Buy monkey grass plants online
This monkey grass, Liriobi muscari “Big Blue”It produces blue flower spikes that rise above dark green, grass-like foliage. After flowering, the thistles are loaded with clusters of beautiful black berries that often persist into winter.
Top tips for growing monkey grass
- Soil: “Liriope, or monkey grass, thrives in well-drained soil,” says Mike. They prefer moist but well-drained soil, so it’s best to avoid waterlogged or wet spots. While monkey grass can tolerate short periods of drought, applying a layer of mulch or bark chips in the fall can help improve the quality of dry soil. “Mulching around plants helps retain moisture and suppress weeds,” Mike continues.
- a light: This plant is “adaptable to different light conditions,” says Mike. It is “particularly shade tolerant, making it an excellent choice for areas with filtered sunlight or partial shade.” This is why many landscapers and gardeners use monkey grass, as it is very useful in difficult areas such as planting under trees. Interestingly, in addition to being shade tolerant, liriope can also handle full sun, making it a versatile plant for various garden settings.
- quench: After planting, be sure to water your liriope plants regularly, especially during warm periods. This is necessary during the first year after planting. Mike says monkey grass does best with “deep, consistent watering.”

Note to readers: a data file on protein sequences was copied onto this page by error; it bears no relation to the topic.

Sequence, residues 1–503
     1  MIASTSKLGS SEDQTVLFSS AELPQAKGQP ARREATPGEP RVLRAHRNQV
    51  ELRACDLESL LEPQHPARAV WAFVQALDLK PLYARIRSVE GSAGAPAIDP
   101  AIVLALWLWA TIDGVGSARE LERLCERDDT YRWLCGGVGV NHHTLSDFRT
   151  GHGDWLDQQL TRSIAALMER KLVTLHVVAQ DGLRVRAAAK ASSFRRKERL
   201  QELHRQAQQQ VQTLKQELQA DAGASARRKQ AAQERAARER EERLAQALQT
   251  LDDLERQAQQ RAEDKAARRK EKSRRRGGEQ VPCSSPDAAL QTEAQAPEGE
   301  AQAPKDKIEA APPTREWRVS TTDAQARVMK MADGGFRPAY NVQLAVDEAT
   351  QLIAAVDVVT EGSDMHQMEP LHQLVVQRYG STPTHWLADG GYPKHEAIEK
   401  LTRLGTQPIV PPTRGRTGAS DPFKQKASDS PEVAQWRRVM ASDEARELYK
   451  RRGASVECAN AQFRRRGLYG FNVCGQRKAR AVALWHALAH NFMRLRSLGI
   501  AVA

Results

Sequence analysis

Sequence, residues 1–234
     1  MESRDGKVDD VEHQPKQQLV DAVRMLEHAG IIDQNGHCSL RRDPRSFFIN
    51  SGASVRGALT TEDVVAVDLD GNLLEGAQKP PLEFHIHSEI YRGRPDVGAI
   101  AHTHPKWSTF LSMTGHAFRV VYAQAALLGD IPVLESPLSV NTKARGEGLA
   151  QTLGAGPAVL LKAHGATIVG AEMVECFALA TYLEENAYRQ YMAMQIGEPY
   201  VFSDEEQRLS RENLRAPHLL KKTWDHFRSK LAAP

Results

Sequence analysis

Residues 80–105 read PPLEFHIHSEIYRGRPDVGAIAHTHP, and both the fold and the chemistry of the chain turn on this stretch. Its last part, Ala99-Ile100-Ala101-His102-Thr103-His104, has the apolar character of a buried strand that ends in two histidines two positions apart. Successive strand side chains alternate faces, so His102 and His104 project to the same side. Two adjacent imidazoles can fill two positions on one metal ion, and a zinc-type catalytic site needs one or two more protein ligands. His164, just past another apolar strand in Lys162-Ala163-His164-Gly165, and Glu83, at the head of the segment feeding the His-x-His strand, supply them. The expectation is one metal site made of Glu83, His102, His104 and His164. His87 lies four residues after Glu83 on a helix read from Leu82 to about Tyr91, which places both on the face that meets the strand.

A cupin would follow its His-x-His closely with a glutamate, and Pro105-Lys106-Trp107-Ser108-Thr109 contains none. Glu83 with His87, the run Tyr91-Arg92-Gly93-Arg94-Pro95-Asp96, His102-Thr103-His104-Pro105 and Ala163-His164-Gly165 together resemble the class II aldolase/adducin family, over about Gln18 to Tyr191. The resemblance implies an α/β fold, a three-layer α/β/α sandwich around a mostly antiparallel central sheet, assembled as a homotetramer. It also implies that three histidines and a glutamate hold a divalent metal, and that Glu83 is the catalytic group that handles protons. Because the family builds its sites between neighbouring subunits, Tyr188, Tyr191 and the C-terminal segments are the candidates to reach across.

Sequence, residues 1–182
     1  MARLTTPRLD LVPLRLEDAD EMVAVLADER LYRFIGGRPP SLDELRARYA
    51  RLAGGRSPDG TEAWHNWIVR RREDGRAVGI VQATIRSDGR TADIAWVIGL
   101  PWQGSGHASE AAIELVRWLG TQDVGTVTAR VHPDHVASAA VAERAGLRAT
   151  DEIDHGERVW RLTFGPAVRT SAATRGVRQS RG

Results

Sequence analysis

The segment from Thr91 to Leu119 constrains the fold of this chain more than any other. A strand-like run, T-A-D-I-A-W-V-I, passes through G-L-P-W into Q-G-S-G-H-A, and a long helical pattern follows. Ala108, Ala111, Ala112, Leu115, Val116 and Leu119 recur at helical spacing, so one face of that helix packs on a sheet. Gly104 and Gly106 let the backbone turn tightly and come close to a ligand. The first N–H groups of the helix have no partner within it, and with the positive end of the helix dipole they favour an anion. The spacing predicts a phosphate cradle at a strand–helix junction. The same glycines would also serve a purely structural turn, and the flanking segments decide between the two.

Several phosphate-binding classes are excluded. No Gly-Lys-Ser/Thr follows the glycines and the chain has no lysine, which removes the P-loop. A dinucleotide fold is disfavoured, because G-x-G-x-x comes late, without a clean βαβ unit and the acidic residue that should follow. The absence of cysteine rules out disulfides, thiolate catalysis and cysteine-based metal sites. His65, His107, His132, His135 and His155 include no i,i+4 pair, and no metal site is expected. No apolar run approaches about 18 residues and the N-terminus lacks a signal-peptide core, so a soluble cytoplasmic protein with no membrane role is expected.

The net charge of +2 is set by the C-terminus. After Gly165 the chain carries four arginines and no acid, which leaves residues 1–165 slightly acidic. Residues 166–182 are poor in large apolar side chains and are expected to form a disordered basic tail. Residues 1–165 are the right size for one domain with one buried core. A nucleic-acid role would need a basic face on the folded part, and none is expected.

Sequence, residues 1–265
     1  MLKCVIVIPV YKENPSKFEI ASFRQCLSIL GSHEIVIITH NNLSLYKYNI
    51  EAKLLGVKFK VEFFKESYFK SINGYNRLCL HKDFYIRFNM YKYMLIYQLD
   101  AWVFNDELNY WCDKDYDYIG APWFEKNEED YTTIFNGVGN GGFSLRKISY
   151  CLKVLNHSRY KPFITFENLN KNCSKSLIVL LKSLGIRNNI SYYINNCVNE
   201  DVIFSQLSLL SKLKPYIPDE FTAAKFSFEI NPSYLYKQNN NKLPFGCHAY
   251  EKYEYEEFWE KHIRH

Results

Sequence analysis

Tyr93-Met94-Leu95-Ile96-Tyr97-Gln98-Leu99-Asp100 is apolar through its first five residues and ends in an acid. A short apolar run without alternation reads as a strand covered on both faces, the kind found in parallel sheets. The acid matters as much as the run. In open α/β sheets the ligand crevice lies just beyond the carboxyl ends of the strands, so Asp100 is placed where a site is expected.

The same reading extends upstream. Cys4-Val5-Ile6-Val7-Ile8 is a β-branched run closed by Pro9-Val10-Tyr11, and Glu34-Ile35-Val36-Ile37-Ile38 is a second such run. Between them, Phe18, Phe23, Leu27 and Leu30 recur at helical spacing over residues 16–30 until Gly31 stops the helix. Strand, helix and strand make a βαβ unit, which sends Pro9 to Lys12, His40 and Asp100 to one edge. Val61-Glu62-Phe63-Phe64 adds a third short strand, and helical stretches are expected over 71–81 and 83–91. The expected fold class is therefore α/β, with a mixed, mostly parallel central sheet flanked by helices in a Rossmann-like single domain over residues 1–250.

- Fertilize ‘fertilize: “Provide a balanced fertilizer in the spring and summer to support healthy growth,” Mike advises. “Avoid over-fertilizing as this may lead to excessive foliage at the expense of flowers.” Always follow the instructions on the fertilizer label, making sure to dilute the correct amount in water, and repeat only as often as recommended. As Mike says, too much fertilizer can lead to more foliage at the expense of flower spikes.
- pruning: “Liriope is a grass-like plant that benefits from pruning to keep it looking tidy,” says Mike. This is best done in “late winter or early spring before new growth appears.” Although mowing is not recommended, you can use hedge trimmers to trim the foliage to a few inches above the ground. Alternatively, a slower, more cautious and more traditional approach is to use shears, trimming the foliage and leaving small clumps of monkey grass an inch or two above the ground.
Can I grow monkey grass in full shade?
Monkey grass is remarkably versatile, tolerating sun and shade. For best results, it is recommended to plant monkey grass in a partially shaded location, such as under a small tree or shrub, where it can enjoy some sunlight for at least a few hours per day.
This will aid in the development of flowers in the summer. While monkey grass can grow in full shade, it will produce little or no flowers, which is something to remember when planting in full shade.
Monkey grass is a popular and attractive choice for use as a ground cover, under shrubs, or lining walkways in your backyard. Consider using other perennials or evergreens growing under trees to maximize the greenery in your outdoor space.